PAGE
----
“I didn’t ask, some of it was probably made, but I would assume some of it was procured with the King’s help.” Blake echoed the smith’s swallow. It was one thing to know that your king could do things that most men couldn’t, it was different to sit down on cushions that could have been created with magic. But, as he’d told himself probably fifty times today alone, the dye might have been magicked, but the fabric was most likely woven by Fox or maybe Lady Peyton or Raquel who had both gotten pretty good at weaving.
“Doesn’t it seem a bit-disrespectful-to ask the king to-to-to do something like that?” Ren asked.
“Well, to you and me, maybe, but perhaps not so much to Raquel-and definitely not to Lady Kennedy.” Ren chuckled. Raquel called Lady Kennedy a steamroller. Whatever that meant. She did, though, have a way of getting more or less exactly what she wanted. A second knock came at the door, startling Blake although Ren didn’t seem so surprised by it. The young carpenter’s eyes narrowed slightly but before he could stand, Fox had stuck his head in the door.
“May I?” The tailor asked, kicking the snow off his boots.
“Sure.” Blake said standing up. Fox looked around the cottage and said everything that Ren had said with one quirked eyebrow. Blake tried not to blush. Fox had a way of making Blake feel awkward and clumsy, like a lad rather than a man. Still his handshake was warm and hearty, and his smile genuine.
“It was Raquel’s idea.” Blake said with a blush. Rather than the sardonic grin Blake expected, Fox just nodded and sat down.
“I figured, she likes purple.” Blake nodded. He had no idea how he was going to keep her in purple fabric and dye, it was a bit beyond his or anyone he’d ever personally known’s pocketbooks, but he knew he wanted to, because Raquel liked purple.
Fox hadn’t even gotten settled on the sofa when another knock came at the door. Blake shot a suspicious look at his friends but answered the door anyway. Emanuel was standing on the small stoop, looking-well mostly cold. A lot colder than he should have been given his cottage was right next door. Then movement caught the corner of his eye and his jaw dropped a little.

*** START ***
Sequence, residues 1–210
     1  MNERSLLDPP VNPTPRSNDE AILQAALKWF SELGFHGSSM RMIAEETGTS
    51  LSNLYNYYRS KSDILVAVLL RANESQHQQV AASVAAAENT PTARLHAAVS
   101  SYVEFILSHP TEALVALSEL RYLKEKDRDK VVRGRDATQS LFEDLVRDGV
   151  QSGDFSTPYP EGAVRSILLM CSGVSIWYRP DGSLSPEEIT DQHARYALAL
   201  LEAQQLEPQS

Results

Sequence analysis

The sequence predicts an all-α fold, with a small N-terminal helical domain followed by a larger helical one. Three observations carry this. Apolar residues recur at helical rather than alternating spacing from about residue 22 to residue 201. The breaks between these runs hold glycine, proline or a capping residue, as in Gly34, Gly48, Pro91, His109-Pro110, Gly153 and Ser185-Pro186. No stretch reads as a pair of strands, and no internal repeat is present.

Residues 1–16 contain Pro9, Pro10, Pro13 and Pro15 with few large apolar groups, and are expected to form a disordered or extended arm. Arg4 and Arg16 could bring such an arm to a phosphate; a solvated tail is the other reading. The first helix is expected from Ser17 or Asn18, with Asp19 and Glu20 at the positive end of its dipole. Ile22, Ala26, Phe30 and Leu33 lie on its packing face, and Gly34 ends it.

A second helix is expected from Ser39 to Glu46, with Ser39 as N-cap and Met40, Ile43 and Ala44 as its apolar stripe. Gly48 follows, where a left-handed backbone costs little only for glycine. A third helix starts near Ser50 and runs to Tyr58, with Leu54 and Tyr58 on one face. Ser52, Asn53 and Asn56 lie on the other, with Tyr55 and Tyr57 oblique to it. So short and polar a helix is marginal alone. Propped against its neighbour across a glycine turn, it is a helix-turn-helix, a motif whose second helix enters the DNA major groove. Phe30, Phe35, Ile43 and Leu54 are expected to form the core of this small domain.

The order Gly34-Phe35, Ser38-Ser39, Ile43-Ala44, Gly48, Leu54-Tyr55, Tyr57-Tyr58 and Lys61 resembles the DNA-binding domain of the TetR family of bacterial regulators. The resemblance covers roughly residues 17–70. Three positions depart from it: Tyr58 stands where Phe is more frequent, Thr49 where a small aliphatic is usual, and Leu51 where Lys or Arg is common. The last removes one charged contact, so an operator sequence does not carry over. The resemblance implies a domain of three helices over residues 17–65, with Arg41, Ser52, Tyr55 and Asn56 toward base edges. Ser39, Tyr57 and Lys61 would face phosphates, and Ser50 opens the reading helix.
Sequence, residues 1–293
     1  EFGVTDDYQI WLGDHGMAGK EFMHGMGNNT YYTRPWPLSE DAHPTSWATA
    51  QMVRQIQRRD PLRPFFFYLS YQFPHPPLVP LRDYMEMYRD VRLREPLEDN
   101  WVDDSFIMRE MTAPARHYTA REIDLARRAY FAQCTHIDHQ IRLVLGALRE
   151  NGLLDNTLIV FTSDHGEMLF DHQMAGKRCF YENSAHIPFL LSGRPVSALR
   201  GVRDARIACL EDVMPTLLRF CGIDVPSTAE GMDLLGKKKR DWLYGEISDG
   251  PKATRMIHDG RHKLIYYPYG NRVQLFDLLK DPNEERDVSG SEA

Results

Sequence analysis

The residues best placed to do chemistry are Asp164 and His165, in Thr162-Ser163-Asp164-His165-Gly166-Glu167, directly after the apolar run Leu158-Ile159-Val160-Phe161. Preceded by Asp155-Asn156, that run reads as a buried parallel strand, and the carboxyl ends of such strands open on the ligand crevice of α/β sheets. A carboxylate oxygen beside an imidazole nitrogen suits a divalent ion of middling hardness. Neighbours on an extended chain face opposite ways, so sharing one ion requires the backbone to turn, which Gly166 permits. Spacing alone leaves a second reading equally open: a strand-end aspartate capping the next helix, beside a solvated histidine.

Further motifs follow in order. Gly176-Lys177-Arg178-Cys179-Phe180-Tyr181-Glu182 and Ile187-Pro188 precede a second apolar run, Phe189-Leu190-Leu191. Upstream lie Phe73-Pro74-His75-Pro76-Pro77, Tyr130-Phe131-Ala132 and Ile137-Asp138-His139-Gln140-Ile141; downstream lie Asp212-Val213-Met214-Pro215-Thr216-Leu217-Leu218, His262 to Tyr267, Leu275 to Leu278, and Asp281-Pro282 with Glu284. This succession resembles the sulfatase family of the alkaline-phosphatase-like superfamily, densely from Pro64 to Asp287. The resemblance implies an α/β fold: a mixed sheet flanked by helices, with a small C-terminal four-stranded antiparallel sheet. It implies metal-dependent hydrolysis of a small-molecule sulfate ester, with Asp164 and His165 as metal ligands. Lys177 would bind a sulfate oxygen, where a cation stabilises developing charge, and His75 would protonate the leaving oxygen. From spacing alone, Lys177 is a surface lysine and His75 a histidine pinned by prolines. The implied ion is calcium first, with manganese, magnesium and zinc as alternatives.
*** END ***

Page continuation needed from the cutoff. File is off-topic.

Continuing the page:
At the foot of his stairs stood Jarrett. “What’s this all about?” Blake asked.
“Well, lad, we haven’t really got a tavern to take you out to, but you are gettin’ married this week an’ all. You didn’t really think we’d forget did you?” Jarrett said with a smile that while slightly shadowed was still warm.
“Come in, won’t you?” Blake asked, gesturing toward the house. As he shut up the door, he shook his head wryly. “You should have told me, I haven’t got anything for you except tea and soup.”
“We couldn’t tell you. That takes the fun out of it. Maybe it can’t be like it was, when there’d have been somewhere to go, something to do. But it’s always been a surprise, that part at least we could keep.” Ren said. Blake nodded, he had been just old enough to go to the tavern with Gregory when he’d been taken out before his wedding.
Everyone, straight down to Blake’s mother, had known what night they were going, but Gregory hadn’t.
“Lord Gray sent his-and the king’s-regrets, but between the weather and all, they figured it was probably better not to come all this way. Although he did send some ale.” Ren said with a grin.
“You invited the king?” Blake blinked.
“‘Tisn’t like it was with King Phillip.” Jarrett reminded him softly.
“Aye.” They all agreed. Emanuel passed around the bottles of ale, though Jarrett shook his head.
“I’m fine. An’ if I do need somethin’, I’ll be better off with that tea Blake’s got. Can’t be getting a head, I’ve still gotta be up to milk in the mornin’.”
Milking. Looking at Jarrett, Blake felt a wave of guilt wash over him. If anyone should have a warm snug cottage and all to be in, it should be Jarrett. He shouldn’t be living in a barn loft with the animals.